The last batch of new coins, consisting of silver shillings and half-crowns were delivered on 5 October 1709, and were to be the last coins to be minted in Scotland.
Article 16 of the Treaty of Union stipulated that Scotland was to keep its own mint.
"That, from and after the Union, the coin shall be of the same standard and value throughout the United Kingdom as now in England, and a Mint shell be continued in Scotland under the same rules as the Mint in England ; and the present officers of the Mint continued subject to such regulations and alterations as Her Majestie, her heirs or successors, or the Parliament of Great Britain shall think fit."— Article XVI of the Acts of Union
Although the Edinburgh Mint retained its permanent officials (though not other staff) for a further hundred years, until 1814, minting ceased a mere two years after Union, despite several subsequent proposals to restart production. The mint itself was finally abolished in 1817 and sold in 1830.Abolition caused a low level of protest, mentioned by Sir Walter Scott, and continued to be protested against by Nationalist pamphlets into the 1950s and beyond. The title of 'Governor of the Mint of Scotland', which passed to the Chancellor of the Exchequer under the Coinage Act 1870, was finally abolished with the passing of the Coinage Act 1971.
The transition from Scottish coinage to English did not occur overnight. Scottish coinage was still in circulation in the later 18th century, but the changeover was made a little easier due to common currency in the nomenclature. Pound Sterling is still translated as Punnd Sasannach (English pound) in Scottish GaelicCertain old coin names, such as bawbee, continued in colloquial usage into the 20th century. Others, such as mark and dollar, would be more associated with various foreign currencies by contemporary Scots.
Some British coins later had explicitly Scottish reverses: for example the shilling appeared with either English or Scottish royal arms as reverses from 1937 to 1970, while its replacement the 5p coin had a crowned thistle from 1971 to 2008.
Currently, three Scottish banks produce their own banknotes (Bank of Scotland, Royal Bank of Scotland and Clydesdale Bank), but no coinage. Scotland is the only part of the UK where one pound notes are still in usage (although they can be found in the Isle of Man and Channel Islands).
|Mary I (r. 1542–1567) and Francis (r. 1558–1560): testoon|
|FR•AN • ET • MA • D • G • R • R • SCOTORVM • D • D • VIE[N], crowned arms of Francis and Mary over cross potent||• FECIT • VTRAQVE • VNVM • 1558 •, crowned FM; Lorraine cross to either side.|
As with Scottish weights and measures, many of the Scottish denominations bore the same names as those in England, but were of slightly different values. The dates, and first kings to issue them are included:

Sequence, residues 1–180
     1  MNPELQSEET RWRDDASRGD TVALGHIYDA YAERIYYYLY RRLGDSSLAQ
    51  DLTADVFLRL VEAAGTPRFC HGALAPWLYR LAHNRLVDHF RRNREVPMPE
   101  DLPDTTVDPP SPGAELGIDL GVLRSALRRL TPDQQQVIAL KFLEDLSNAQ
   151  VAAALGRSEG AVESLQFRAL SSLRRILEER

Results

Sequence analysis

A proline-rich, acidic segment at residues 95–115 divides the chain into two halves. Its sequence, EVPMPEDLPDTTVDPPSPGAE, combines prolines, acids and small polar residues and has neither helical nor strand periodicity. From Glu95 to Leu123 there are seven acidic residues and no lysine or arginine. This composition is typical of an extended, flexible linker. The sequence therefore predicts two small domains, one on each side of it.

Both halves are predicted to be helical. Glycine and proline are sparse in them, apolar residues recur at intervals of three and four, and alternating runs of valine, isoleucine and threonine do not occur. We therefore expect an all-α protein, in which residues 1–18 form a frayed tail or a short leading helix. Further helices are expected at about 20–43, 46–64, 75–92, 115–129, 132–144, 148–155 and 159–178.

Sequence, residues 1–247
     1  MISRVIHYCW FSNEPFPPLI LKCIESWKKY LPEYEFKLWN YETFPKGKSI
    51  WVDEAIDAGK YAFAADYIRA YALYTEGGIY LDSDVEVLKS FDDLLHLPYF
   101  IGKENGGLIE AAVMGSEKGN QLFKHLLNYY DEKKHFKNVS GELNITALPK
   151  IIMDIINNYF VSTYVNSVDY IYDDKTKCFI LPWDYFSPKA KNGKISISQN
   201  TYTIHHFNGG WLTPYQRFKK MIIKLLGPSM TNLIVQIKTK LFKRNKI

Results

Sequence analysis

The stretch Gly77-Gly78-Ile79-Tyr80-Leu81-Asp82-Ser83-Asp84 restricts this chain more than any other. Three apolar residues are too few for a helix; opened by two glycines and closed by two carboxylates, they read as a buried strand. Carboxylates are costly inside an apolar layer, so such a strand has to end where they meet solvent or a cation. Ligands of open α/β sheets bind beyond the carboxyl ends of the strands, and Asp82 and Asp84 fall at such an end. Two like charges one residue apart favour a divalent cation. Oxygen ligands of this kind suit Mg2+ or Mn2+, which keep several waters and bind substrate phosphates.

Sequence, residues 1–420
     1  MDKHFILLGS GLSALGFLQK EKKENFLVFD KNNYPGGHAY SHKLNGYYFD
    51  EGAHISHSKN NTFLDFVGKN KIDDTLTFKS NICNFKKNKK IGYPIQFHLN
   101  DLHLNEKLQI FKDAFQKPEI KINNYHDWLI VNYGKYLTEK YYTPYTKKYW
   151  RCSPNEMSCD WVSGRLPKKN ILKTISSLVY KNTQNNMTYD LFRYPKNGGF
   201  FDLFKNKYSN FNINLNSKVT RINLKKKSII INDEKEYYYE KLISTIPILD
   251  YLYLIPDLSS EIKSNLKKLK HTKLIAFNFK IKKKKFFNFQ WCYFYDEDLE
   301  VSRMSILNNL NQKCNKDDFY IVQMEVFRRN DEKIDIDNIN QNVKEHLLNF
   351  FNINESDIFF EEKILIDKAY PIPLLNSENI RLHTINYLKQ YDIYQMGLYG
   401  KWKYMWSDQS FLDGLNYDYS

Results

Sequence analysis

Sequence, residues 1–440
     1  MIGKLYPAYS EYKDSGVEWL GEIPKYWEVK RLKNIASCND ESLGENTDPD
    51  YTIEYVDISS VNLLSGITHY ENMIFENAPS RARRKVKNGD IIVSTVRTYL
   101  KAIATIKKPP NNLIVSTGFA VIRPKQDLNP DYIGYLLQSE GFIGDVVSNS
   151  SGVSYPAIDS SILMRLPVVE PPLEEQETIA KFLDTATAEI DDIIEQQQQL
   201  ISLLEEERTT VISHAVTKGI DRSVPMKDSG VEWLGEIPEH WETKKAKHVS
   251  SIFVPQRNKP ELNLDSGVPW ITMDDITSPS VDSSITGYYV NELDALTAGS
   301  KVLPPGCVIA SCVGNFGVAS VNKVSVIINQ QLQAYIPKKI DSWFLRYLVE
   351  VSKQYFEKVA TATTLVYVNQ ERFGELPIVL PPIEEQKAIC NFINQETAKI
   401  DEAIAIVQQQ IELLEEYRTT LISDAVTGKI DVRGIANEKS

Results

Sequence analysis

The standard circulating coinage of the United Kingdom, British Crown Dependencies and British Overseas Territories is denominated in pennies and pounds sterling, and ranges in value from one penny sterling to two pounds. Since decimalisation, on 15 February 1971, the pound has been divided into 100 (new) pence. Before decimalisation, twelve pence made a shilling, and twenty shillings made a pound.
The shilling is a historical coin, and the name of a unit of modern currencies formerly used in the United Kingdom, Australia, New Zealand, other British Commonwealth countries and Ireland.
A penny is a coin or a unit of currency in various countries. Borrowed from the Carolingian denarius, it is usually the smallest denomination within a currency system. Presently, it is the formal name of the British penny (abbr. p) and the de facto name of the American one-cent coin (abbr. ¢) as well as the informal Irish designation of the 1 cent euro coin (abbr. c). It is the informal name of the cent unit of account in Canada, although one-cent coins are no longer minted there. The name is used in reference to various historical currencies also derived from the Carolingian system, such as the French denier and the German pfennig. It may also be informally used to refer to any similar smallest-denomination coin, such as the euro cent or Chinese fen.
The history of the English penny from 1603 to 1707 covers the period of the House of Stuart, up to the Acts of Union of 1707 which brought about the Union of the Kingdom of England with the Kingdom of Scotland.
The guinea was a coin, minted in Great Britain between 1663 and 1814, that contained approximately one-quarter of an ounce of gold. The name came from the Guinea region in West Africa, from where much of the gold used to make the coins was sourced. It was the first English machine-struck gold coin, originally representing a value of 20 shillings in sterling specie, equal to one pound, but rises in the price of gold relative to silver caused the value of the guinea to increase, at times to as high as thirty shillings. From 1717 to 1816, its value was officially fixed at twenty-one shillings.